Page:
Day tabs are what we refer to as tabs that contain a specific day’s orders. For example, if it is the 30th today, we would export to CSV all orders in PROCESSING status placed on the 29th, then put them into this tab named 29. Once we tidy up this CSV, we would send this to our supplier. Once the supplier sends back this CSV with tracking numbers, we would then move these orders from the day tab 29 into the WOO 2022 tab.

Day Tab vs Year Tab

Orders stay in their Day Tab until we receive Tracking Numbers back from the supplier. Once we receive Tracking Numbers back for all orders in a Day Tab, we then move them into the Year Tab. That’s how we keep track of what orders are fulfilled and what orders are still waiting on Tracking Numbers from our supplier.

Export WooCommerce Orders to a CSV file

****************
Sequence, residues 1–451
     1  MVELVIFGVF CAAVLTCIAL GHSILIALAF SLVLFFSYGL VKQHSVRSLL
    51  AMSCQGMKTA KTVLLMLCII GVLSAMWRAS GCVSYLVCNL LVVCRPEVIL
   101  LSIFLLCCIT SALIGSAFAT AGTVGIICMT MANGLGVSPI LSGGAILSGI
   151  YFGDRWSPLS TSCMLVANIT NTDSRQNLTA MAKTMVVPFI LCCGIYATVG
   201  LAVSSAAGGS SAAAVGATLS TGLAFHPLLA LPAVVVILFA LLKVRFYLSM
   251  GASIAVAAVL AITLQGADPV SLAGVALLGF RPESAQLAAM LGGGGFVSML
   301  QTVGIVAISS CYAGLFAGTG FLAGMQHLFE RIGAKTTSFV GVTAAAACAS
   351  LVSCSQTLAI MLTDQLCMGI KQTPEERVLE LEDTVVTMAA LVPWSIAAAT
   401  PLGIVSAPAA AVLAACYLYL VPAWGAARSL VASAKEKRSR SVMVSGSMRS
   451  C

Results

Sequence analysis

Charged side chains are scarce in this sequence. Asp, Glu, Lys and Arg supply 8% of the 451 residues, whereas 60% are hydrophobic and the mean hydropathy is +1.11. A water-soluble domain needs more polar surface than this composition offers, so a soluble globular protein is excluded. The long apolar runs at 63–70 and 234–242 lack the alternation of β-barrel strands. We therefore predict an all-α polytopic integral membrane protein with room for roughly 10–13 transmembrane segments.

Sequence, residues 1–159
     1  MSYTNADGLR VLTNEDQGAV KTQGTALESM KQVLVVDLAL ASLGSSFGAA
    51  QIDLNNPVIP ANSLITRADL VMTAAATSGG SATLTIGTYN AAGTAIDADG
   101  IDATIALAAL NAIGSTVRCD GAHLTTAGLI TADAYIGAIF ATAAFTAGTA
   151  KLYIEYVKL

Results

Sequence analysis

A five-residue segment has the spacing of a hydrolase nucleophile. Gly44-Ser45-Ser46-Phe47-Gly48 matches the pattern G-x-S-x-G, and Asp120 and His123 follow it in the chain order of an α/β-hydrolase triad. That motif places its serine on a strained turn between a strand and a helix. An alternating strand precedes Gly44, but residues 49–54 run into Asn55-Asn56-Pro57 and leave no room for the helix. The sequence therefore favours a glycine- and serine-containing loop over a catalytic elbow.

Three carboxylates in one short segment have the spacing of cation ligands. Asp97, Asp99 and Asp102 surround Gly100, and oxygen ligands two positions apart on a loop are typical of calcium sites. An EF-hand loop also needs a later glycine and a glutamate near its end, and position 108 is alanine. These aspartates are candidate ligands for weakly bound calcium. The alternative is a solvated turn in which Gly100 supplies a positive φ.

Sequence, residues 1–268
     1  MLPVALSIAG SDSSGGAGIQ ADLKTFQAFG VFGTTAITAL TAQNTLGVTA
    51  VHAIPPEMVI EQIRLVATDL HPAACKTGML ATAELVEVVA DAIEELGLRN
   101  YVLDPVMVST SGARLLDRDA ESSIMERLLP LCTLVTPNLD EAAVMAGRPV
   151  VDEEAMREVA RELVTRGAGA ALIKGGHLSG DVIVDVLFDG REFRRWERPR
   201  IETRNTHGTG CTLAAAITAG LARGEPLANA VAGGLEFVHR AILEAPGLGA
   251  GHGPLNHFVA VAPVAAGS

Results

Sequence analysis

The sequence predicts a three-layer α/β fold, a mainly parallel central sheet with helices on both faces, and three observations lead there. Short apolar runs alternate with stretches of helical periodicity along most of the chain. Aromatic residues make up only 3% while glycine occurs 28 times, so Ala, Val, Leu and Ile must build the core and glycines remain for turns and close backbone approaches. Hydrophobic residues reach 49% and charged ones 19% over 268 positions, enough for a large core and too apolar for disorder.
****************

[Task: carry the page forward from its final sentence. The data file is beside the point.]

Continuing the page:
To export WooCommerce Orders to CSV, I highly-recommend that you use the official plugin from WooCommerce.com named WooCommerce Customer / Order / Coupon Export.

The plugin currently costs $79 for a year.

Once you download and install the plugin, you’ll see a new admin menu item under WooCommerce > Export.

Click on WooCommerce > Export and you should see the screen below.

Create a CSV Template

Next, you should customize the CSV Template and define what columns you want to export when your CSV is created.

To do this, click on the Custom Formats tab, as shown below.

Then click on Add new.

Leave the default settings as they are i.e. Export type = Orders and Output type = CSV, then click Add new.

Leave Load mapping set to Default and click Load.

Then we’re into the CSV template builder.

In the image below, I show you how I have mine set up. Under the image I’ll explain in further detail what everything is doing.

Here is a break down of the template above:

  1. A row represents a single line item